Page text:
Since 2000, the City of Tokyo has been taking measures to mitigate the impacts of the urban heat island effect, including covering roofs and walls with greenery in order to lower the surface temperature of buildings. To further these efforts, the Tokyo Metropolitan Government passed the Nature Conservation Ordinance in 2001, requiring the greening of building roofs and walls in addition to ground-level greenings for all new construction as well as existing buildings undergoing renovations.
What is it?
According to the Nature Conservation Ordinance, greening areas must be provided on the premises and on rooftops when buildings are newly constructed, repaired or extended to an area larger than 1,000 m2 for private facilities and 250 m2 for public facilities. Plans must be also submitted to include rooftop greenery for new construction with a total floor area exceeding 10,000m2.
The first stage of the Nature Conservation Ordinance required 20% green coverage for buildings with a gross floor area of over 1,000 m2. In 2009, the ordinance was further strengthened by requiring buildings over 5,000m2 to provide 25% green coverage; buildings between 1,000 – 5,000m2 are still required to continue to meet 20% green coverage.
To popularize the Ordinance, the City of Tokyo conducted media outreach and advertised the conservation ordinance and compliance requirements widely and has played a leading role in keeping public awareness high.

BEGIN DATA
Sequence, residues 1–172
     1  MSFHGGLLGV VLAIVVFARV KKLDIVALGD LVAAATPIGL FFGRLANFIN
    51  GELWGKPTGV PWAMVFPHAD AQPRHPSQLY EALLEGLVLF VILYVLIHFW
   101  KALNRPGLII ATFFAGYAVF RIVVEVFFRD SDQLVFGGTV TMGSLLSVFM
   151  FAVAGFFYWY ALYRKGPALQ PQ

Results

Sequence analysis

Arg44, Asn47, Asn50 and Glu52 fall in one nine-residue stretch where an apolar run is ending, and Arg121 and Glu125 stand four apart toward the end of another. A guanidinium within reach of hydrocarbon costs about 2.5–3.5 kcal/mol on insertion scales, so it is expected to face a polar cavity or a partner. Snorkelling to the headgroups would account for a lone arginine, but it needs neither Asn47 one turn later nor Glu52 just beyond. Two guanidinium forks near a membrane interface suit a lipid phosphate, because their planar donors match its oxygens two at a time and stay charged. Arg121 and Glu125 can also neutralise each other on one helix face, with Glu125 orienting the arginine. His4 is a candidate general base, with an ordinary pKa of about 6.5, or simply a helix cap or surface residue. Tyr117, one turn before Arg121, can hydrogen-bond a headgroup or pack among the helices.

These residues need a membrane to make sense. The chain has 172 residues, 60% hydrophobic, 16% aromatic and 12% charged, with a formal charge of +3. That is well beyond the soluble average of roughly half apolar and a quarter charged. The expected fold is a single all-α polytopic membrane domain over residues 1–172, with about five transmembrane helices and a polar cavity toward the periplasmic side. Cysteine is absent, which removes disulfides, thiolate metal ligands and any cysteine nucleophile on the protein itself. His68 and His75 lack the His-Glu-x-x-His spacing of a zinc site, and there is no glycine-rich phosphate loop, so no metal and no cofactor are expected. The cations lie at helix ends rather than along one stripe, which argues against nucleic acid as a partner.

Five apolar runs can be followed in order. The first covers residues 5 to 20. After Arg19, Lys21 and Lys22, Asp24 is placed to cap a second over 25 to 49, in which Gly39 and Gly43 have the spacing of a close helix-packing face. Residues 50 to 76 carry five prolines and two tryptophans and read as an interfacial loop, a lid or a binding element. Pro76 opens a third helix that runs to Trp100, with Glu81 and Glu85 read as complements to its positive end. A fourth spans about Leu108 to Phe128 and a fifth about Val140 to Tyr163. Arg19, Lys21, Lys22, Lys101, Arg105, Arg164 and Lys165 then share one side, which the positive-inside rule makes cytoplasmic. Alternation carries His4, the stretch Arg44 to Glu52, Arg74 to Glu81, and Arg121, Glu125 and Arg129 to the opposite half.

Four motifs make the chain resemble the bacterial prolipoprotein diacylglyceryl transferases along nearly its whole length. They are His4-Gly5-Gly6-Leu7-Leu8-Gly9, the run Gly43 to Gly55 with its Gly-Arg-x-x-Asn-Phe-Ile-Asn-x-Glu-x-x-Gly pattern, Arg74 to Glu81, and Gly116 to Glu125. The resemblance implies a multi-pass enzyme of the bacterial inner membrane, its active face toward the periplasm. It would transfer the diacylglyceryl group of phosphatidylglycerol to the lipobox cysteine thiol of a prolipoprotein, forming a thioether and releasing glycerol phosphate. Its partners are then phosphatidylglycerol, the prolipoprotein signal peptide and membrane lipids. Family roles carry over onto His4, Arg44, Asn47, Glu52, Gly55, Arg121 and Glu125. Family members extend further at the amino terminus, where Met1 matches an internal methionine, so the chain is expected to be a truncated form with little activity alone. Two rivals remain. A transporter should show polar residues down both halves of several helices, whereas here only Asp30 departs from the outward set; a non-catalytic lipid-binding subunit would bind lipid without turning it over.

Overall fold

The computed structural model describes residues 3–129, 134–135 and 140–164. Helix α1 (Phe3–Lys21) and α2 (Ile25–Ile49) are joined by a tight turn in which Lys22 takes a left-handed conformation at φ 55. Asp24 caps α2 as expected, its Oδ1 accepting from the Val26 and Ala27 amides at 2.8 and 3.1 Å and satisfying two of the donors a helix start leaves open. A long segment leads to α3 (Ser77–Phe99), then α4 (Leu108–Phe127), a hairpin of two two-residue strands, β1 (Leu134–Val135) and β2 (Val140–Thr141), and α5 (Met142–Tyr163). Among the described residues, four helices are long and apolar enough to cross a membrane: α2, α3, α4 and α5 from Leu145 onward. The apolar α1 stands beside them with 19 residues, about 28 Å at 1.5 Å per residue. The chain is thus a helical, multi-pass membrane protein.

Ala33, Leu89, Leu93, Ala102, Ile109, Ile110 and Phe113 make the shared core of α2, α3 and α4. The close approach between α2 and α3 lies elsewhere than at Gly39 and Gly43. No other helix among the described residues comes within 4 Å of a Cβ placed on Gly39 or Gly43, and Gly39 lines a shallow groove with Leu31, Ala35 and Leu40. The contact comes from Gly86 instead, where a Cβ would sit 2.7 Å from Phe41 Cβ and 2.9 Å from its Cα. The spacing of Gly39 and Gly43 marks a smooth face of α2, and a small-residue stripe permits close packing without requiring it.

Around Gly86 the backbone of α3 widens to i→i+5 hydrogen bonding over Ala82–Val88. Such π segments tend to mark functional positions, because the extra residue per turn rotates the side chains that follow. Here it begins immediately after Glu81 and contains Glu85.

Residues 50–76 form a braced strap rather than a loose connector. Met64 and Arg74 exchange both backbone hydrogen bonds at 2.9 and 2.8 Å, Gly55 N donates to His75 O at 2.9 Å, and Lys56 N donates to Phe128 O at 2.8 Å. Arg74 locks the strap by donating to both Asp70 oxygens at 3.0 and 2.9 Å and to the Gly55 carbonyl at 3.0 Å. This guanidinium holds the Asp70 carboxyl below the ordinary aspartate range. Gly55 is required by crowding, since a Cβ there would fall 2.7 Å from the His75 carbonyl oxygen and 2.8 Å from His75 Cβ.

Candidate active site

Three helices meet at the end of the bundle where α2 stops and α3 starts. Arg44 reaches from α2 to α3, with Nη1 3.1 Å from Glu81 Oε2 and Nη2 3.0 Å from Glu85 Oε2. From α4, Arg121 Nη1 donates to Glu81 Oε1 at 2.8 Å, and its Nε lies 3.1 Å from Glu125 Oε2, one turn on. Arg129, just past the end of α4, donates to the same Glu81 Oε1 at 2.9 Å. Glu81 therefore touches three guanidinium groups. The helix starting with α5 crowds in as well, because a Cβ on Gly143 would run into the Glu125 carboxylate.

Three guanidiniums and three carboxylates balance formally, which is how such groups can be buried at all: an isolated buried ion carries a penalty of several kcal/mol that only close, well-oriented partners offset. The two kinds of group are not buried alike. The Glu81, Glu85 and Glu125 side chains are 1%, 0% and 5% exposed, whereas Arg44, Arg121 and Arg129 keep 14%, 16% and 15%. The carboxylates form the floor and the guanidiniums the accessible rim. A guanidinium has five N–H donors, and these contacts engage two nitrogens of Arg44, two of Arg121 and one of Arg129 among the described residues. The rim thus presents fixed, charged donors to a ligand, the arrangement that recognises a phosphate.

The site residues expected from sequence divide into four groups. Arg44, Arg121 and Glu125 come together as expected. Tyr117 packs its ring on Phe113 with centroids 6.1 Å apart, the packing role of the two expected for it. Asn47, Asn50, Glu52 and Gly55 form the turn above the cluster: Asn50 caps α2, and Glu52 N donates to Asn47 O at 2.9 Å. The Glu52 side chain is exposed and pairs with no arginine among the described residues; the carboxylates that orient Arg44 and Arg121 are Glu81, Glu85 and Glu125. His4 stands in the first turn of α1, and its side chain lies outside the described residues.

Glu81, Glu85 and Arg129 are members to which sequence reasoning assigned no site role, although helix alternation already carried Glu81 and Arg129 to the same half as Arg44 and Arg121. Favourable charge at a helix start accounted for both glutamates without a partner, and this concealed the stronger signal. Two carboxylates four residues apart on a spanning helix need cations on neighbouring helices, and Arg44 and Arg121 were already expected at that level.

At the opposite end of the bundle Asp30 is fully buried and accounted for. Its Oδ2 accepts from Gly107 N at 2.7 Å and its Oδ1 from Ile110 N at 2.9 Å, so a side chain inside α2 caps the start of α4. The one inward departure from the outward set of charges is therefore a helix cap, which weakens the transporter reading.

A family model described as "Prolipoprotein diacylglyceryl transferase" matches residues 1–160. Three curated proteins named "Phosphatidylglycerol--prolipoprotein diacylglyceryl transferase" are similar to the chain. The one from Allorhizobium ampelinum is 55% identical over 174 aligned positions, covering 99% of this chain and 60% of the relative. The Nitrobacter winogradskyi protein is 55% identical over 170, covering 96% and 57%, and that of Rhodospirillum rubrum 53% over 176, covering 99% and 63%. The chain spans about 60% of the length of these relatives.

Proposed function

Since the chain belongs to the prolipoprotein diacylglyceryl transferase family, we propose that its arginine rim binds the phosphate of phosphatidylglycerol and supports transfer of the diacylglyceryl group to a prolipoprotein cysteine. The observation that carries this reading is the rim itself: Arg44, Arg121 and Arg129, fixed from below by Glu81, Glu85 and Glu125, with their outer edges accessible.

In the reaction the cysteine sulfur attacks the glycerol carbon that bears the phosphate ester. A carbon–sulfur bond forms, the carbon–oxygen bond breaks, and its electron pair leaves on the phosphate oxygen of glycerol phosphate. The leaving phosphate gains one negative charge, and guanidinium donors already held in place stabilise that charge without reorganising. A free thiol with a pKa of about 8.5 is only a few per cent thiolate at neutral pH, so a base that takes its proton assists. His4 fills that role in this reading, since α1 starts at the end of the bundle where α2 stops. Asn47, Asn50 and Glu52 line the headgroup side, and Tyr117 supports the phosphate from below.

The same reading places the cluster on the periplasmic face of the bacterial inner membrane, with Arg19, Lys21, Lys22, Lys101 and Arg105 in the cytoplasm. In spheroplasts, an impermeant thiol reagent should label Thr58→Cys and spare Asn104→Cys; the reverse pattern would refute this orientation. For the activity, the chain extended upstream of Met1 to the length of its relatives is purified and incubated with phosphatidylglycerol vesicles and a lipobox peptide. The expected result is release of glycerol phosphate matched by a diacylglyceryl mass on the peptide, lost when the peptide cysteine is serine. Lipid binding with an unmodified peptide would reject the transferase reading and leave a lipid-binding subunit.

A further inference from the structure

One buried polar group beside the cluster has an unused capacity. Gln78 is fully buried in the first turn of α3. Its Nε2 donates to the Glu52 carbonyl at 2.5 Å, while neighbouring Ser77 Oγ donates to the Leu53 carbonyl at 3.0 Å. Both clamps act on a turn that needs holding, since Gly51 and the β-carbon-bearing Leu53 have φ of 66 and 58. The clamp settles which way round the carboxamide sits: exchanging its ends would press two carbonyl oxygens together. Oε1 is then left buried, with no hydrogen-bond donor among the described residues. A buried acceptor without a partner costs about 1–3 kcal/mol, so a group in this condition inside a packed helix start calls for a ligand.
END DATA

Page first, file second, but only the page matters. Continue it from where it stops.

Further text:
- The building sector is heeding local governments’ requirements to implement green roofs. Thanks to the Ordinance, more than 5,700 new or existing buildings have added about 180 hectares (1,800,000 m2) of green roofs.
- Promoting the greening of existing buildings has proven to be another effective measure to counter the heat island effect. Research done in 2004 showed that new light-weight green roofs applied to existing buildings could lower the surface temperature by 25 degrees Celsius and ceiling temperature by 1 to 3 degrees Celsius even under thermal insulation. The study also found that plant species and physiology, and water conditions are all key factors in mitigating urban heat island effect. Of seven different rooftop greening types – relawn, perennial, sedum mexicanum, no greening roof area, soil, dry lawn, and lawn on the sewage sludge – it was found that perennial and lawn-type roof plants (including dry lawns), had a larger effect in reducing sensible heat than sedum mexicanum type roof plants.
Tokyo’s goal is to install 1,000 hectares (10 million square meters) of greenery by 2016, both on rooftops and at the ground level.
The City continues to work on the key task of maintaining the stakeholders’ attention and enthusiasm in order to keep these measures/efforts moving forward. Tokyo is also piloting more specification on the type of greening required, looking at cooling and other biodiversity benefits of various species, and looking at additional ways to put large scale, long-term urban heat island mitigation projects in place.
Yuko Doi, Bureau of Environment, Tokyo Metropolitan Government
Kanako Okano, Bureau of Environment, Tokyo Metropolitan Government